Language of instruction:
Assumed knowledge on:
No prior knowledge on entrepreneurship theory and practice is assumed.
This course is part of the Wageningen School of Social Sciences Graduate programme in the MSc programmes MME, MID, MDR and MCH. You can register for the course via the registration form on the WASS website, www.wur.eu/wass. For more information, please contact WASS via firstname.lastname@example.org (practical information) or the course coordinator (course content).
The course provides an introduction to key theories and methods of entrepreneurship and their applications in emerging economies. In particular, the course aims to demystify the stereotypical view of entrepreneurship just as new business development and propose a broader view of entrepreneurship as deeply socially-embedded practice. The key question of the course will entail: why, when and how actors (e.g., farmers, founders of new ventures, business managers or leaders in public or non-governmental organizations) recombine resources (such as technologies, knowledge or other forms of capital) innovatively to seize opportunities or mitigate risks in the unstable, turbulent and dynamic context of emerging economies? To best support students from multiple scientific backgrounds in their PhD or MSc research proposal or thesis development, the focus of the lectures will be on three levels of analysis: individual, organizational/community, and institutional level.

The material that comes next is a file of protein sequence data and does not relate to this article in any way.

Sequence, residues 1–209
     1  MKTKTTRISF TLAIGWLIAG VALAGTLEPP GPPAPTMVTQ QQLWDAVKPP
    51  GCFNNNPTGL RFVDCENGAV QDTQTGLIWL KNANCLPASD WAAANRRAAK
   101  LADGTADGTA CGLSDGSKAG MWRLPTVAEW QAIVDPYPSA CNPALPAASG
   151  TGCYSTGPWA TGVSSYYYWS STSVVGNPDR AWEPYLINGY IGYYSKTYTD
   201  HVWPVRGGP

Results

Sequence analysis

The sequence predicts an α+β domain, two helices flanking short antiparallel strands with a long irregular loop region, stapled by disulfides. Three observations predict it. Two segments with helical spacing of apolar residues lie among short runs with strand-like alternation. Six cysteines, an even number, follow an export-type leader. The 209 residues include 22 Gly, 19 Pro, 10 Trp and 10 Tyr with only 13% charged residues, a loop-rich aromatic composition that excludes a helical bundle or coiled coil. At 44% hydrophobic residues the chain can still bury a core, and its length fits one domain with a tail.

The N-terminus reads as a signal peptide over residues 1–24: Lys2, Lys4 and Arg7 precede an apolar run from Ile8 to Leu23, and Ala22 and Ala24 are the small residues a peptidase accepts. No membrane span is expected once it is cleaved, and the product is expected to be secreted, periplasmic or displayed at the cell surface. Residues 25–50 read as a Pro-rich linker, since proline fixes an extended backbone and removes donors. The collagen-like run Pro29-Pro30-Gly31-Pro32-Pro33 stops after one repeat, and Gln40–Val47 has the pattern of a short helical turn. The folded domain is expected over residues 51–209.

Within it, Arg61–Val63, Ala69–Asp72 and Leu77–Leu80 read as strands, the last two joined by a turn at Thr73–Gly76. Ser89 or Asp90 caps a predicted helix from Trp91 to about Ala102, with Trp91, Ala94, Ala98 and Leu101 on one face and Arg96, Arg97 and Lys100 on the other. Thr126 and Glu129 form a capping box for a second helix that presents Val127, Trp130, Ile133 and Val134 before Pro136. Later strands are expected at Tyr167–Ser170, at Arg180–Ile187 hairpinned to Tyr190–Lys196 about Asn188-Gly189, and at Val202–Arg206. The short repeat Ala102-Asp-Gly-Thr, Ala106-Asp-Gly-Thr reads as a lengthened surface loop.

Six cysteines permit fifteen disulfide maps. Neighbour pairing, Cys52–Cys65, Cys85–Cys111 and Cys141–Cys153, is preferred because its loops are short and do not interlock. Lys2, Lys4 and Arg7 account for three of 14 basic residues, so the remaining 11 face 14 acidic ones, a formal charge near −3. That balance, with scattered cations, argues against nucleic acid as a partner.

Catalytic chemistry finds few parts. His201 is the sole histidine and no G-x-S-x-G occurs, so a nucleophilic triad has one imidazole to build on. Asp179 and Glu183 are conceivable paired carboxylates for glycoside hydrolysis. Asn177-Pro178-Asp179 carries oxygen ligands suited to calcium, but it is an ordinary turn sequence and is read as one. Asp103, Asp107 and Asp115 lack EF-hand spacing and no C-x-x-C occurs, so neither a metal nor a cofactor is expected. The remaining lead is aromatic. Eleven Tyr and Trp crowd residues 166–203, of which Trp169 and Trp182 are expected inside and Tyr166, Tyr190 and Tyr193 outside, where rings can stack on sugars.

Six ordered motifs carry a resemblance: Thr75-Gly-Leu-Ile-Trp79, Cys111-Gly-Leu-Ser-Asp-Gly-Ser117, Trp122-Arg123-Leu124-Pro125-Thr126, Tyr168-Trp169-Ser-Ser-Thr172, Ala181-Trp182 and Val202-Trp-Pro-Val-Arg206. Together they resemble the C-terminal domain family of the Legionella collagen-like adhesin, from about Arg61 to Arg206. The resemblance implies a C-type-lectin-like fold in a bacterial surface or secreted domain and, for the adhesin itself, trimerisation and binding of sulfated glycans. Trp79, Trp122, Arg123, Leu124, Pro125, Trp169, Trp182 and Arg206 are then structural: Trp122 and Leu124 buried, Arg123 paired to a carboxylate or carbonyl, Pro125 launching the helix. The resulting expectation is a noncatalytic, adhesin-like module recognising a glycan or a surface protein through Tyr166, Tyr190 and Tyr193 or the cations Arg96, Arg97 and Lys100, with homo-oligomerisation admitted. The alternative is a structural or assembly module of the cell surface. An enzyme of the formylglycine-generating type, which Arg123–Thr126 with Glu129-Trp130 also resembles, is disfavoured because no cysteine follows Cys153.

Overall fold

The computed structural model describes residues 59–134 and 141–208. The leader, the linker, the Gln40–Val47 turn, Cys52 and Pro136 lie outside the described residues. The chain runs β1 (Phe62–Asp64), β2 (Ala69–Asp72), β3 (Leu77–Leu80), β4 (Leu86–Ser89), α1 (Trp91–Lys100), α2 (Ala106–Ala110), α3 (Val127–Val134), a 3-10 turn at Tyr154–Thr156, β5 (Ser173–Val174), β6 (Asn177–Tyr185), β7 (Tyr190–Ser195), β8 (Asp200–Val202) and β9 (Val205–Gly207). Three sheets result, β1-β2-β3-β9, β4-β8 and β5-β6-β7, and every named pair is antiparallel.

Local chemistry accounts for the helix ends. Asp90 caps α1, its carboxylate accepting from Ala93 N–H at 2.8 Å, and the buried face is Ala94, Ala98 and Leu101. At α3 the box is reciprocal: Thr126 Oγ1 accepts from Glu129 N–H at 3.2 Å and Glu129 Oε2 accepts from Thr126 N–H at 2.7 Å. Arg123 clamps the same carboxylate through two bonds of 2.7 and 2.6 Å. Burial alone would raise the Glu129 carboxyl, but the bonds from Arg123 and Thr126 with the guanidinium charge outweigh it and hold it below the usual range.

After successful completion, participants are expected to be able to:
- understand the established and most recent theories and views of entrepreneurship in emerging economies at the intercross between multiple disciplines (sociology, education, economics, management and food/agricultural science);
- articulate and discuss the key issues under debate facing entrepreneurs and organizations supporting entrepreneurship in emerging economies, especially in food and agriculture;
- integrate established theories, methods or concepts related to entrepreneurship in their research proposal or thesis development.
Three lectures and three tutorials focusing on individual proposal or paper development.
The final examination will involve the assessment of a short written essay that the students will develop on the basis of the lectures and tutorials followed during the course.